For Meyers, passively waiting for traditional cybersecurity measures to detect attacks is not enough. 

“Proactive threat hunting, led by human security experts driven by intelligence, is a requirement for any organization looking to achieve or improve real-time threat detection and incident response,” he argues.

“Evaluate the quality and effectiveness of your security program before an attack happens. Engaging in third-party security assessments will reveal organizational readiness to face both common and sophisticated attacks. In addition, participating in adversary emulation exercises, using real-world TTPs, will inform you about how to improve your incident response playbook and procedures.”

A Cyber-Cold War?
Experts are agreed that nation state cyber-activity will continue to increase in 2018. An alarming Chatham House report from January even claimed “inadvertent nuclear launches could stem from an unwitting reliance on false information and data.” So how far might online threats spill over into real-world geopolitical conflict?

“These kinds of operations significantly expand a nation’s options for international action in a way that is generally more acceptable than other types of similar activity. For example, surreptitious military action or symbolic weapon launches are widely criticized or denounced but state-sponsored cyber-espionage is not,” says FireEye senior analyst, Fred Plan.

“We believe that nation-states will likely leverage cyber-capabilities in the outbreak of major conflicts especially with regards to disrupting command and control systems. It should be noted that these capabilities are not limited to superpower countries; increasingly, regional powers and other countries are developing their own cyber-capabilities to gain an asymmetric advantage over rival states.”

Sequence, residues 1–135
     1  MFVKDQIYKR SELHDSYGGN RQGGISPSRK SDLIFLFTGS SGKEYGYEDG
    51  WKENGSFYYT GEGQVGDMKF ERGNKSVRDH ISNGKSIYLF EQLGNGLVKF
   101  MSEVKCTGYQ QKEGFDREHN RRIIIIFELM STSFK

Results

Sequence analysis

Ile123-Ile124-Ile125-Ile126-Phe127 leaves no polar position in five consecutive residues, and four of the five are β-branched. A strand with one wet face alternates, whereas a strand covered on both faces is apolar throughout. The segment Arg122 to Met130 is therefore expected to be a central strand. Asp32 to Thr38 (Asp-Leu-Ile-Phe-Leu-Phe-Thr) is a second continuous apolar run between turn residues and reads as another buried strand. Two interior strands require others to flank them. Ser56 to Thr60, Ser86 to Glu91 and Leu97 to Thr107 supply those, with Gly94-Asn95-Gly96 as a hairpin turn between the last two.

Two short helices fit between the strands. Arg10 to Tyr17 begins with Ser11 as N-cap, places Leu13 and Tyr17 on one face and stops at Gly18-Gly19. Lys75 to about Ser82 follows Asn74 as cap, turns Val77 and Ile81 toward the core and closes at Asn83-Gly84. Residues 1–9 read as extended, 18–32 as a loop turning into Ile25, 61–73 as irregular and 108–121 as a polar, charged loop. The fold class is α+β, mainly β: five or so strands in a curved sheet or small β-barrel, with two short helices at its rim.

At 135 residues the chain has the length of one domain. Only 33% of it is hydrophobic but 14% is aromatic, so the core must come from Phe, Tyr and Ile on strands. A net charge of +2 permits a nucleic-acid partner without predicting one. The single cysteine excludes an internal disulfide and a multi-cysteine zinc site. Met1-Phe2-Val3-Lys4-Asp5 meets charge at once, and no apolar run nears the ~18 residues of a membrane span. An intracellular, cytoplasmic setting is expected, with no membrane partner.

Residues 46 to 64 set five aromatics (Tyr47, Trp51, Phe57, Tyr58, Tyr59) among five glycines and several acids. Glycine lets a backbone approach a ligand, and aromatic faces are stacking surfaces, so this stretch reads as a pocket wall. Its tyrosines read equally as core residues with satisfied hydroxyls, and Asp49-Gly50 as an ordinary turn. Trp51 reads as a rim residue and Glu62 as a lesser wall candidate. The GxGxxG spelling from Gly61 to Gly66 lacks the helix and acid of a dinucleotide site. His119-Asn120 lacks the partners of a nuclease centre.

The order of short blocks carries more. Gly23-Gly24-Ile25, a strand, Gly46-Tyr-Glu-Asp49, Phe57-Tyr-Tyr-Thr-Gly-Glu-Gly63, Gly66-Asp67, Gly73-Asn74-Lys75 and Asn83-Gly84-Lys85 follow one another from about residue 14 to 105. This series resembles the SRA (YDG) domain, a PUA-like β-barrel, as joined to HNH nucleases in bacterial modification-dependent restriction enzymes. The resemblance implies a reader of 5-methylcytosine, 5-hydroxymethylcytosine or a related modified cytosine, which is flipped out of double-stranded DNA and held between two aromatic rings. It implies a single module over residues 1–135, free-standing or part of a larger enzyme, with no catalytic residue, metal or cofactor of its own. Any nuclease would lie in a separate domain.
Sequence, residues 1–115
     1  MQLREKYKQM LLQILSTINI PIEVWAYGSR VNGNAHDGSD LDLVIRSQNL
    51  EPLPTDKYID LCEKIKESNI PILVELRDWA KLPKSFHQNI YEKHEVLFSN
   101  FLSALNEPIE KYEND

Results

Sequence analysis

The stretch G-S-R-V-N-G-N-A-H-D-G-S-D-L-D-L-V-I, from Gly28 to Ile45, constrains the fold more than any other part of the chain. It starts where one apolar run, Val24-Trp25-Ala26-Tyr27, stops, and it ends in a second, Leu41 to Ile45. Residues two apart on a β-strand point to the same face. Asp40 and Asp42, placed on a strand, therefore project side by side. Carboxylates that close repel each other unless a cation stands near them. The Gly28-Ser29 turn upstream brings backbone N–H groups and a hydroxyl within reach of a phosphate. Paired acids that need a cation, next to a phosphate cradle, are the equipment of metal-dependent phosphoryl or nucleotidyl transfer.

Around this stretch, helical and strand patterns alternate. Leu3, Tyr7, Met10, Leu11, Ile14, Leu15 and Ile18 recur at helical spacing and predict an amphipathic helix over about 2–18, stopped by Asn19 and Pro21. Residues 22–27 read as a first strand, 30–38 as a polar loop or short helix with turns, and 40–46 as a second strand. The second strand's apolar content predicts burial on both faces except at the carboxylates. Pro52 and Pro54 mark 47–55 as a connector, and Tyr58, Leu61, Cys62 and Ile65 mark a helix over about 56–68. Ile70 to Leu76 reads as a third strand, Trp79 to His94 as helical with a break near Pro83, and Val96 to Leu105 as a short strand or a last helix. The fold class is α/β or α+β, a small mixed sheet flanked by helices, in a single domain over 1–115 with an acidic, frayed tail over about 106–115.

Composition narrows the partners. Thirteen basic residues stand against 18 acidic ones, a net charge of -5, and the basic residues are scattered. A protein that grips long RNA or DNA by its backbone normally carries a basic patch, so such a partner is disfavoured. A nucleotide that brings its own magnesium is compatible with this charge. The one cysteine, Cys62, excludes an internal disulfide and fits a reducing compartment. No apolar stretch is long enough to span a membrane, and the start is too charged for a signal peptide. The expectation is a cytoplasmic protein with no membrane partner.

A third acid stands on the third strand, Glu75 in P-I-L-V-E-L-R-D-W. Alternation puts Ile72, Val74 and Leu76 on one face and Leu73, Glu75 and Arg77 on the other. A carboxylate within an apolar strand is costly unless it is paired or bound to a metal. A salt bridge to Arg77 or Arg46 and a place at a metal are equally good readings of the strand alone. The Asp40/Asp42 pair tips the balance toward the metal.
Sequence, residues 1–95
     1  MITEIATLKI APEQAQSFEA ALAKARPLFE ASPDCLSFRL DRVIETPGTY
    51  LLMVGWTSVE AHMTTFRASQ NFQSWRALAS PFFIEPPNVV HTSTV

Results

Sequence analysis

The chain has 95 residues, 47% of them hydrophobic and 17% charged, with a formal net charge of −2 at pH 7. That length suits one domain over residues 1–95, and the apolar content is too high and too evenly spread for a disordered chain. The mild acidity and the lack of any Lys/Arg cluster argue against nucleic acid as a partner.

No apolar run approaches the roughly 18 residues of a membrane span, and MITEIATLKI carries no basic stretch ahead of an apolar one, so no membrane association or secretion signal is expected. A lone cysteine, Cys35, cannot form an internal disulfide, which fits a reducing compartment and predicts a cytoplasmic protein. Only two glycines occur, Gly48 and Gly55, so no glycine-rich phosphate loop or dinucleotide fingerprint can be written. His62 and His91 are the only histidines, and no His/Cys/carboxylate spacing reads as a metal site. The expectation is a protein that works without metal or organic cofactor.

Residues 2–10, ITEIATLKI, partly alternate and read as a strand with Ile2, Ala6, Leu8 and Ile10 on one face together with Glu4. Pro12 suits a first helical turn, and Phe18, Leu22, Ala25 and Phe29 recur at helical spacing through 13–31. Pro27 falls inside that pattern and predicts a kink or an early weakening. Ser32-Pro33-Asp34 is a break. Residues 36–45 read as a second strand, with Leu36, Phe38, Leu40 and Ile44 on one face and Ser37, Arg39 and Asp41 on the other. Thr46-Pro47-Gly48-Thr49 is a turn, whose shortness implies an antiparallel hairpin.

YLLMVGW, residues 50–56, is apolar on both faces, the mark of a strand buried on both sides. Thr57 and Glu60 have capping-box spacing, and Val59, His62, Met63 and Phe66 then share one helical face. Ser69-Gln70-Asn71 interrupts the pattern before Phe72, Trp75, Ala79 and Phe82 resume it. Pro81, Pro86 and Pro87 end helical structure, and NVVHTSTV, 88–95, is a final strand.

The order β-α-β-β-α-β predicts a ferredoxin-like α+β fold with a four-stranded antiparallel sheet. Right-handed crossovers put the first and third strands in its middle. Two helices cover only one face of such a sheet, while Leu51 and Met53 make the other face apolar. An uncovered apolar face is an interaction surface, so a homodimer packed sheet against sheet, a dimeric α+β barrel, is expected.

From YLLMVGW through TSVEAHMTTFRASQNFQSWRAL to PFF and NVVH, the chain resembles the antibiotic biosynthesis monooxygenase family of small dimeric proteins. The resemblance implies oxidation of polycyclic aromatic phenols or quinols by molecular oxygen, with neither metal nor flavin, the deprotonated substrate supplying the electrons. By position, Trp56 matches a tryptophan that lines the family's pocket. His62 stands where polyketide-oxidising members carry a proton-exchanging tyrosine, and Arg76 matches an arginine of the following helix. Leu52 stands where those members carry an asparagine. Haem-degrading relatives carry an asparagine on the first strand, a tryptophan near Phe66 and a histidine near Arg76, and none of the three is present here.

SecureData head of security strategy, Charl van der Walt, agrees that cyber will become a “common feature on the modern battlefield,” but claims that in many ways, the war has already begun.

“Cyber-battle preparedness will mean different things, but in its one form it requires pre-emptively attacking and compromising systems in the future potential battle zone, or from which the future battle zone could be impacted, or simply from which useful intelligence might be gleaned,” he tells Infosecurity. “Effectively, this means that offensive cyber-battlefield operations need to take place all the time, and that just about any and every system is a target.”

This global ‘cyber-land grab’ by the world’s superpowers means smaller nations must align themselves with the software and hardware supply chain they trust most.

“One of the effects of this forced choice is the acceleration of ‘cyber balkanization’ – the splintering of the world into politically-aligned camps that all run the same hardware and software that is developed and controlled by the superpower,” claims van der Walt. “As running software controlled by a single nation state is effectively a form of voluntary compromise, the smaller state also loses its autonomy from that state and is fundamentally beholden to it.”

As we speed towards a world characterized by distrust, suspicion and cyber-fueled geopolitical tension, the cybercrime exploit marketplace continues to fill with state-developed tools and expertise. Security professionals faced with this onslaught may well find themselves wishing for simpler times – when spies used guns, not code.